In Exelon Tax Court Finds Legal Opinion Not Enough to Defeat Penalties 

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I will in this post highlight some interesting parts of last week’s Exelon v Comm’r. The case involves Exelon’s seeking to shelter billions in gains on sales of fossil fuel plants by attempting to shoehorn a sale and leasing transaction into a like-kind exchange. In Exelon, the accuracy-related penalties alone were over $87 million, and the Tax Court found that despite a sophisticated law firm’s legal opinion Exelon was liable for the accuracy-related penalty. In discussing Exelon, I will also flag two other recent opinions involving the same issue.

One of the issues in Exelon was the IRS’s assertion of accuracy-related penalties despite Exelon’s receiving a detailed legal opinion blessing the transaction’s tax consequences. A common issue courts consider is whether reliance on a tax advisor will insulate a taxpayer from civil penalties. As with many issues, the black letter law is relatively straightforward. Derived in part from dicta in the Supreme Court Boyle case, the Tax Court relies on a three-part test case that essentially asks the following questions:

  1. Was the advisor a competent professional who had sufficient expertise to justify reliance;
  2. Did the taxpayer provide necessary and accurate information to the advisor;
  3. Did the taxpayer actually rely in good faith on the advisor’s judgment.

Neonatology Assoc. v Comm’r 115 T.C. 43, 99 (2000), aff’d, 299 F.3d 221 (3d Cir. 2002). The cases applying the standard are notoriously fact-specific and difficult to easily synthesize.

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Exelon is a case that has generated a great deal of attention, in part because of the sheer amount of the deficiency, which is over $500 million for the two years at issue. The transactions included complicated sale in lease out (SILO) transaction that Exelon entered into so it could identify a replacement property for 1031 purposes to shelter billions in gain on sales of fossil fuel plants. The opinion has over 150 pages detailing and analyzing the complexities of the transactions and how they should be treated for tax purposes. What is key for purposes of this write up however is after the court found in favor of the IRS on the underlying issue (essentially that Exelon did not acquire the beneficial ownership of the properties it leased back to tax-indifferent public entities and thus could not shelter its gain through 1031), was its conclusion that despite an opinion letter from Winston & Strawn it still found the taxpayer liable for the penalty. Some things to highlight:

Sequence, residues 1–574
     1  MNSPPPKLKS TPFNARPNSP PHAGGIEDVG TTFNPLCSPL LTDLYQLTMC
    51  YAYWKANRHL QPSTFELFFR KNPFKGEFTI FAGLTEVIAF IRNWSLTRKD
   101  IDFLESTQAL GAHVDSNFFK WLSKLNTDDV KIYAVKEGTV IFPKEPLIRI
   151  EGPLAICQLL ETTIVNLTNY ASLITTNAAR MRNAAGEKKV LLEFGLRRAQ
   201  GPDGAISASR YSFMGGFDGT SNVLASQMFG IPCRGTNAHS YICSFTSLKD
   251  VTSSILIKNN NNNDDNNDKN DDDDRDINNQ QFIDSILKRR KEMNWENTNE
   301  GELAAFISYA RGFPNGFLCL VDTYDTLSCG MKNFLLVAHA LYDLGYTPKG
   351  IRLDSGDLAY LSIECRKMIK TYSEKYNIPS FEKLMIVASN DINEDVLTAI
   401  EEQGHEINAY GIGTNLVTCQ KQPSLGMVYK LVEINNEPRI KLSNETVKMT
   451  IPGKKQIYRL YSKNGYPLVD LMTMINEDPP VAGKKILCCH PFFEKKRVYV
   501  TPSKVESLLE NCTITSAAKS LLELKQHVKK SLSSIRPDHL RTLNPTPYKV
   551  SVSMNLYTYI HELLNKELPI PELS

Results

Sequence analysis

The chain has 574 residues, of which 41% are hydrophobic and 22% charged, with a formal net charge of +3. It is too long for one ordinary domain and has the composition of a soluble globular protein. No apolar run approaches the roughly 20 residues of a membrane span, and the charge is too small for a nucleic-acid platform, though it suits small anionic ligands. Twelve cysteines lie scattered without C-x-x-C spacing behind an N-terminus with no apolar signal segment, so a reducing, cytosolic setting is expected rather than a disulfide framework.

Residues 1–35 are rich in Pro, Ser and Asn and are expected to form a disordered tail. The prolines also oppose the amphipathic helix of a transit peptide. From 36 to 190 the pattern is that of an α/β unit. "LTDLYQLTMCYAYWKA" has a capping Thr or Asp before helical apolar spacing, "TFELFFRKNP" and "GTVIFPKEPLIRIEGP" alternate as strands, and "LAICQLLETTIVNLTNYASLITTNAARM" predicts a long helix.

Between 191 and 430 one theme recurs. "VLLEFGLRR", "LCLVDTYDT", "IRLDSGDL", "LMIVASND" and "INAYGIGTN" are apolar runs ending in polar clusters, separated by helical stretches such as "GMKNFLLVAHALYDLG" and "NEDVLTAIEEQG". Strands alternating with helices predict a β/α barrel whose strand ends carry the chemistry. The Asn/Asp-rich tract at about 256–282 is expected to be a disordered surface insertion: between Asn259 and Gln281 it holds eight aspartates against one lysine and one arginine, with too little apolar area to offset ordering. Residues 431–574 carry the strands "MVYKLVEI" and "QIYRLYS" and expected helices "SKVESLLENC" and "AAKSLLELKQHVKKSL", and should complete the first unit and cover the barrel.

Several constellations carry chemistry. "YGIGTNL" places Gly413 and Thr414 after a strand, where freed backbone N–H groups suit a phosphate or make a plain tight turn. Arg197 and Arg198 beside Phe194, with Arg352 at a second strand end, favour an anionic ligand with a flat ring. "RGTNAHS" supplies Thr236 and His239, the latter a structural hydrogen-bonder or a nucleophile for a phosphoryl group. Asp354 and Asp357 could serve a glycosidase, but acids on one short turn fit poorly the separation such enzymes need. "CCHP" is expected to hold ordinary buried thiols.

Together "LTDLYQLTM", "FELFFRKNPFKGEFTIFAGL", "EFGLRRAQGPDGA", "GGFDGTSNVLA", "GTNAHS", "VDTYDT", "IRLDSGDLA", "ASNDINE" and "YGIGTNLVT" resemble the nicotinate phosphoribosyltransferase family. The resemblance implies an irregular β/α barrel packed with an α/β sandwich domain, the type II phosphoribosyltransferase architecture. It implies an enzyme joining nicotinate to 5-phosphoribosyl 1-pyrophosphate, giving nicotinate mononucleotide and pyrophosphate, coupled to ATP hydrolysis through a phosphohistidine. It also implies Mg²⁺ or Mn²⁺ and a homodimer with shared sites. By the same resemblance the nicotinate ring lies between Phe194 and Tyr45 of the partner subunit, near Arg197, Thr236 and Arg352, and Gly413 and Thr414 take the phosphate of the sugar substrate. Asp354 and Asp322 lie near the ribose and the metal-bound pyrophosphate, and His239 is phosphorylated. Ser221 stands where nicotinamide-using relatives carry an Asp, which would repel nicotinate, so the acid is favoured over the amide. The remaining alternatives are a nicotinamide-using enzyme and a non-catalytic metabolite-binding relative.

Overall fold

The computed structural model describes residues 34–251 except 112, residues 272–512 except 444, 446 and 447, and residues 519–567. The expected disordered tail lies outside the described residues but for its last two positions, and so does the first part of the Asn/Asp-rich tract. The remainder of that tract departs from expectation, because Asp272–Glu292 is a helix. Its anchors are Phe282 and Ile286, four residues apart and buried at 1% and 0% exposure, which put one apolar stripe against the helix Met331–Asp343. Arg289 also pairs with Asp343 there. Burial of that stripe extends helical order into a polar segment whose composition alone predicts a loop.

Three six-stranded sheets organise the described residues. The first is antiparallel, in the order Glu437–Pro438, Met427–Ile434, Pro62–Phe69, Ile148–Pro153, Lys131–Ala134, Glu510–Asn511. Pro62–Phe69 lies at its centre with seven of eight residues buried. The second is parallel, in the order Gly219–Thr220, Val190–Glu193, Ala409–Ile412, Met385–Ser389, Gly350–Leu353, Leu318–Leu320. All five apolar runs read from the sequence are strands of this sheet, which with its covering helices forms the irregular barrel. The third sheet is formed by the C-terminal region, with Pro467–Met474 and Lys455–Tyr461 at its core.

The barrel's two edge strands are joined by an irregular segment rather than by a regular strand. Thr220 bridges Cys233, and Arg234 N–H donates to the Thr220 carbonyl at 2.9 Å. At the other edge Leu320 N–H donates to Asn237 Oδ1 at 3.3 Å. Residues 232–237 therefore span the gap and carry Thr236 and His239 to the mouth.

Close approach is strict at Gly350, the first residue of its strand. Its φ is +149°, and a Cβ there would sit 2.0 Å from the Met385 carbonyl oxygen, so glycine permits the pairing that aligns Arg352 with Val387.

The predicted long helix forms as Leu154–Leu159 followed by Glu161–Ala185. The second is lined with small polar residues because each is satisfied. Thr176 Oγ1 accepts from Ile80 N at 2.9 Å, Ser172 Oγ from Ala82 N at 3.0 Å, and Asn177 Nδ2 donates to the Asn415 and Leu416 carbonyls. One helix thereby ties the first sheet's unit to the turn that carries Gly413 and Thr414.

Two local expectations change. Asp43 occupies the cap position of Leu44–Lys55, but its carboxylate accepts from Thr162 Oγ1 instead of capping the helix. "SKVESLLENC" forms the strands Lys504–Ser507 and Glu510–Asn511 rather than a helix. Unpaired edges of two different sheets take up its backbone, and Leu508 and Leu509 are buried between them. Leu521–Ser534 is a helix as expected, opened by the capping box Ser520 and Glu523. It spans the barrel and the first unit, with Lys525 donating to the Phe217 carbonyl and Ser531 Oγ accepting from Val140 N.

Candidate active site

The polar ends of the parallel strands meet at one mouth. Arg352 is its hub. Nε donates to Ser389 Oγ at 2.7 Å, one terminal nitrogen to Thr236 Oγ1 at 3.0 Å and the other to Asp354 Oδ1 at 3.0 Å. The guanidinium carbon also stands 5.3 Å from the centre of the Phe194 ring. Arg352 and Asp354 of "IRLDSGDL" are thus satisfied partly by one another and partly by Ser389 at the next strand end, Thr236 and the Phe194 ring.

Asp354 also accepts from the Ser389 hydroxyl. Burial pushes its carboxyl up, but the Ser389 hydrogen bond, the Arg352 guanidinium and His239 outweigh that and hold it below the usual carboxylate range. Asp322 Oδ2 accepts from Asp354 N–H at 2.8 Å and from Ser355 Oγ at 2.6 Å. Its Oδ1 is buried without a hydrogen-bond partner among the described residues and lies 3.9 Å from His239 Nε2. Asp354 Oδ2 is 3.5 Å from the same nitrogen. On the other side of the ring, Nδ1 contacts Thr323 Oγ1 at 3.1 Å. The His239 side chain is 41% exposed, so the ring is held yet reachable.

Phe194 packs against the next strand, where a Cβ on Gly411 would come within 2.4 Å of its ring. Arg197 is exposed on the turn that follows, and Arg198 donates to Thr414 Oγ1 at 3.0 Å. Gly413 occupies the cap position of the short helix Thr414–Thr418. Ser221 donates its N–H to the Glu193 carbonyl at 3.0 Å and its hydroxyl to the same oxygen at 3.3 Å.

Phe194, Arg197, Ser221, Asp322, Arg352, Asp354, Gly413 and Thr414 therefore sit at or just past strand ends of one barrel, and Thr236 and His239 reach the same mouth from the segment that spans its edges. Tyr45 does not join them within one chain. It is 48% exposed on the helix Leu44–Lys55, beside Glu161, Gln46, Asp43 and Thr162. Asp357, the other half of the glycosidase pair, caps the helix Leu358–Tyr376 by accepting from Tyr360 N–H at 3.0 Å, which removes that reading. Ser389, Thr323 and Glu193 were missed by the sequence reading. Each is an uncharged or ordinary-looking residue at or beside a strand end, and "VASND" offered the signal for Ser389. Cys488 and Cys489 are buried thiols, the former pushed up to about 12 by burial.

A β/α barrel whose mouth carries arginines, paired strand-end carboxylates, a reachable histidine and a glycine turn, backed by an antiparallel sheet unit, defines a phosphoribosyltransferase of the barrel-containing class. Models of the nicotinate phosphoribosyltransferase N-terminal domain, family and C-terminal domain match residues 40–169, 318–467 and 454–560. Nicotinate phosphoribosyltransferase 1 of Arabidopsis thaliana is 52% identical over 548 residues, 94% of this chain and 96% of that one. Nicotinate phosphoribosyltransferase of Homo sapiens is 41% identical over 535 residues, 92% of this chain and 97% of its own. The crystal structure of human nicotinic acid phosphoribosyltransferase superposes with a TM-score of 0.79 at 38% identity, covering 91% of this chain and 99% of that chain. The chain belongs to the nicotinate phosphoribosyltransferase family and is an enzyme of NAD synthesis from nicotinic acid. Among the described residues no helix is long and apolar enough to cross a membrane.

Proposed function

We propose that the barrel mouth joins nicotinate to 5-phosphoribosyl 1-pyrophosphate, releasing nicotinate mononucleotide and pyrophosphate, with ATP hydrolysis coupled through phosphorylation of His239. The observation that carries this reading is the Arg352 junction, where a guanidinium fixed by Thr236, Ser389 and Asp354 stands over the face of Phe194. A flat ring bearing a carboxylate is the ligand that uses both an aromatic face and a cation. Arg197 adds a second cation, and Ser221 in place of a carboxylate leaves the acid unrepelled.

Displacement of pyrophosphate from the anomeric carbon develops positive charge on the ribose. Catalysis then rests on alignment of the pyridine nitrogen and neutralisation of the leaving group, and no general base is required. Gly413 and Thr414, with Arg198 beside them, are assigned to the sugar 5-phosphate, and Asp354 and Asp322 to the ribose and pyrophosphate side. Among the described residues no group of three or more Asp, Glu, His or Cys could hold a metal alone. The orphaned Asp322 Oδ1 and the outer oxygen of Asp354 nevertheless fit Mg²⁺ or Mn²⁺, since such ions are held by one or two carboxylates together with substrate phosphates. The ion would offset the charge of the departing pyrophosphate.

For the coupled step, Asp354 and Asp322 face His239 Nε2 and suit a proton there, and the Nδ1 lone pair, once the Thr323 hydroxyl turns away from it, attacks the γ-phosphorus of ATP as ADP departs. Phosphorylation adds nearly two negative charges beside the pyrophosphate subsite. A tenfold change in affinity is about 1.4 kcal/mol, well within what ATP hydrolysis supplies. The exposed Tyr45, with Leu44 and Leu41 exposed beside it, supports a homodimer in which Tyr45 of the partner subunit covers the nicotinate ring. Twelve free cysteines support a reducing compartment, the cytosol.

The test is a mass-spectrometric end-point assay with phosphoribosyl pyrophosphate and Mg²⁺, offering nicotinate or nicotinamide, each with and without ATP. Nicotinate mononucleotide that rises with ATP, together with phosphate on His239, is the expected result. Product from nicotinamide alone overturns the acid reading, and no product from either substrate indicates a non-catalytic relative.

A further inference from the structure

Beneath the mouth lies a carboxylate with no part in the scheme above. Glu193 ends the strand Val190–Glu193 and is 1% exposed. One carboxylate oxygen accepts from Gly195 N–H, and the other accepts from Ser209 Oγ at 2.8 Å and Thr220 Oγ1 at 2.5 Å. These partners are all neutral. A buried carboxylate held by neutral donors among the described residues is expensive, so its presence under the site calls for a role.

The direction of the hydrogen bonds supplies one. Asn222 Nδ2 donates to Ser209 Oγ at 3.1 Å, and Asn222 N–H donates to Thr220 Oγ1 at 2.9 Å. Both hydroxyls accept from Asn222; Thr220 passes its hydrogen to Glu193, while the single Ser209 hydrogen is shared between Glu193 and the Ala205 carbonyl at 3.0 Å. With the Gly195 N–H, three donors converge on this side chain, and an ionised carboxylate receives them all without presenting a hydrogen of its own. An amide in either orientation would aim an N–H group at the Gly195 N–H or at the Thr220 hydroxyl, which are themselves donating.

1. IRS argued that Winston & Strawn’s involvement in assisting with structuring the transaction was a per se disqualification for considering the advice reasonable. Some cases have held that the advisor is essentially tainted with a scarlet C for conflict of interest. The opinion cites one of those cases, Kerman v. Commissioner, T.C. Memo. 2011- 54, aff’d, 713 F.3d 849 (6th Cir. 2013). This was not one of those cases; even though Winston & Strawn was paid handsomely for its advice it did not bill based upon the transaction closing but rather its fees were based on normal hourly rates. Because W&S billed on an hourly basis and did not tie its fees to the transaction the Tax Court concluded that the advice was not per se disqualified from protecting the taxpayer under the Neonatology test.